The medical sector is keeping both Berlin’s economy and events business in good health as the German capital increasingly establishes itself as a centre for science, biotechnology and pharmaceutical research. The medical, science and research sector contributed 12 per cent of the city’s conferences and events – the leading sector – in the past year, up one per cent on the previous year.

The healthcare industry is a major economic driver for the city, employing one out of eight Berliners. The capital region is home to around 300 medical technology companies, more than 230 biotechnology companies and 30 pharmaceuticals manufacturers. Major players with registered offices in Berlin include Bayer HealthCare Pharmaceuticals, Bausch + Lomb, B. Braun Melsungen, Berlin-Chemie, Biotronik, Pfizer and Sanofi.

Feeding this industry are 35 large research institutes and universities focusing on the life sciences, including Europe’s largest university hospital, Charité, the Max Delbrück Center for Molecular Medicine, the Deutsches Herzzentrum Berlin and other institutes of the Fraunhofer Gesellschaft and Max Planck Society, as well as the Helmholtz and Leibniz Associations.

Berlin ranks among Europe’s leaders in biotechnology research, particularly in the field of red biotechnology – research applied to medical processes, such as designing organisms to produce antibiotics, and engineering of genetic cures through genetic manipulation. More than 230 biotech companies with about 4,600 employees research and develop new products and processes, including Epigenomics, Glycotope, JPT Peptide Technologies, Metanomics, MOLOGEN, NOXXON, ProBioGen und Silence Therapeutics.

About 12,000 people work in the region’s growing medical technology sector – more than 3,000 jobs were generated within the last five years. Its main focuses range from software development to the development of medical-technological devices within the fields of telemedicine/e-health, oncology, implants, medical imaging, cardiovascular system, minimally invasive surgery, orthopedics/rehab.

A key reason for Berlin’s business success in the healthcare sector is the potential for development and cooperation, due to the direct access to academic and scientific institutions. The close proximity of companies and research institutes enables interdisciplinary activity and co-operation between medicine, biotechnology, chemistry and optical technology. With more than 130 hospitals and contract research organisations (CROs), the region provides excellent opportunities for collaborating on clinical studies, alongside a large research and development test market for pharmaceutical products, medical devices and materials. There are comprehensive support programmes for research and development, while infrastructure costs for R&D are below international levels. A highly qualified labour force is replenished regularly, with 3,000 life sciences graduates per year.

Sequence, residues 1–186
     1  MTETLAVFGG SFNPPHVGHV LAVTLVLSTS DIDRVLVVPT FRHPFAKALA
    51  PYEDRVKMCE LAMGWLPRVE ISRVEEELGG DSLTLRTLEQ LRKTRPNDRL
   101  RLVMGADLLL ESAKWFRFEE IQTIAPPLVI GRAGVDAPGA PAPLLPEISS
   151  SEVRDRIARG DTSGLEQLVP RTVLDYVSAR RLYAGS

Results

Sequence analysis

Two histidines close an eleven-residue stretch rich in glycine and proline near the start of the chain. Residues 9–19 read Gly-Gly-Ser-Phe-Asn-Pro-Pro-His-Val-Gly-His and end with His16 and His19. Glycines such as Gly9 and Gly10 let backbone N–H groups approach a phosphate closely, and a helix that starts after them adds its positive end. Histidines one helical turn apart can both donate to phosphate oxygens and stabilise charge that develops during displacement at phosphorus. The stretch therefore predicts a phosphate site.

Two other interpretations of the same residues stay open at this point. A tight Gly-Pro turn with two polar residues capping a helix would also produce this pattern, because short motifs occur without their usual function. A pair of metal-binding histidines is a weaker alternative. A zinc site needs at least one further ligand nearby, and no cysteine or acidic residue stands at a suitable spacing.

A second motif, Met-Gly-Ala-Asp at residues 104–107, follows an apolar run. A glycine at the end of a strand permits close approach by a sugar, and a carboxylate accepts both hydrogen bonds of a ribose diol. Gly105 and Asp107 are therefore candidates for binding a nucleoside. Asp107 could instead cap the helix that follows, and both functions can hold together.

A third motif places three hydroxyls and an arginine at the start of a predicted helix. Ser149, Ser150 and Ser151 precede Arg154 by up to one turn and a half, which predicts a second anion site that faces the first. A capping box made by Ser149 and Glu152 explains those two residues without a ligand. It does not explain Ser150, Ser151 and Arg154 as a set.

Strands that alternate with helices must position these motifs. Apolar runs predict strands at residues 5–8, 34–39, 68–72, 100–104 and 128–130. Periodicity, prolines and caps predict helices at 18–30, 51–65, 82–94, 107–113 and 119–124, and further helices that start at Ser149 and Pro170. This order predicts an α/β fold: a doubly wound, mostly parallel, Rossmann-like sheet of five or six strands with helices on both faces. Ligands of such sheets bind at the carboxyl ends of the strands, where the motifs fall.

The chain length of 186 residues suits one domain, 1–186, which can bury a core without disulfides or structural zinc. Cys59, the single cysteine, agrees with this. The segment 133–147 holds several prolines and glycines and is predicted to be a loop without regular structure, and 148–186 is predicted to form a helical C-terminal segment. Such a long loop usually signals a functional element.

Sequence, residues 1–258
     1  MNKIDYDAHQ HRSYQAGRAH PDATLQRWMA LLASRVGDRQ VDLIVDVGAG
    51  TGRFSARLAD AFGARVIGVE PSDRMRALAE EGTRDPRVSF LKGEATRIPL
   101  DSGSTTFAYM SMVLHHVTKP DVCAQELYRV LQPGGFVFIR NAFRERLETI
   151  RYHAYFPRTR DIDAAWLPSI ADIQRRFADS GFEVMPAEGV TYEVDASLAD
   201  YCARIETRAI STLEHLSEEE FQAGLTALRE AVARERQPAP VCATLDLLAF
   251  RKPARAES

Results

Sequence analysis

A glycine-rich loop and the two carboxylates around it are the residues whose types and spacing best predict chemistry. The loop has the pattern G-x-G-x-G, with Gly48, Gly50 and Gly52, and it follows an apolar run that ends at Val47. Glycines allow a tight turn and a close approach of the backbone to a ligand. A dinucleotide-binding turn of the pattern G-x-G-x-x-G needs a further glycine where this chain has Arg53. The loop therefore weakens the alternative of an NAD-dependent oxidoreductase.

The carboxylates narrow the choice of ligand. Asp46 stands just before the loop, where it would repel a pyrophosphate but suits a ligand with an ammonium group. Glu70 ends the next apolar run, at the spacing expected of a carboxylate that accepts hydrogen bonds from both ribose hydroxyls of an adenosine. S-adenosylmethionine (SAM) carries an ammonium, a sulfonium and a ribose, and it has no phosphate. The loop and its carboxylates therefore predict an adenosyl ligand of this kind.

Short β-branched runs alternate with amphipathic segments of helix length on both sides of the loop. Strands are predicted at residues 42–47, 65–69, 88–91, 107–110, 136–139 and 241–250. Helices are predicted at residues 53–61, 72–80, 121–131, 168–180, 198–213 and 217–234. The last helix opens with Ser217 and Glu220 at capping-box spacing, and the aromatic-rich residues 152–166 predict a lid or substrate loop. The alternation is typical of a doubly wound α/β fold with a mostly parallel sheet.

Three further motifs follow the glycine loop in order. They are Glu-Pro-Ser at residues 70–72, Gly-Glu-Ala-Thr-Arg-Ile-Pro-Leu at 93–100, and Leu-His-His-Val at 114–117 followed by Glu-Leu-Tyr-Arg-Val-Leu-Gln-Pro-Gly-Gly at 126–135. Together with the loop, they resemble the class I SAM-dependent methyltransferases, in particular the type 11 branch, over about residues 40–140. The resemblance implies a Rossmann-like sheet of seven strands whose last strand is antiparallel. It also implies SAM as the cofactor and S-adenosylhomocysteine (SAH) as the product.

This knowledge base has been recognised, with national and international associations hosting events in Berlin to tap into the medical research infrastructure. “We market specific sectors within Berlin because the city has well-known institutions in medicine and health management,” says Heike Mahmoud, Director of the Berlin Convention Office of visitberlin. 

Upcoming events include European Society of Intensive Care ‘ESICM LIVES 2015’, which is expected to bring 5,000 participants to the city from 3 – 10 October. This will be followed by the World Health Summit, internationally one of the most important strategic forums for global health, bringing more than 1,300 experts from more than 80 countries to Berlin from 11 – 13 October. Large national association events coming to Berlin include the 11,000-participant German Congress of Orthopaedics and Trauma Surgery (20 – 23 October) and the Congress of the German Society for Psychiatry, Psychosomatics and Psychotherapy from 25 – 28 November, which will attract some 9,000 attendees.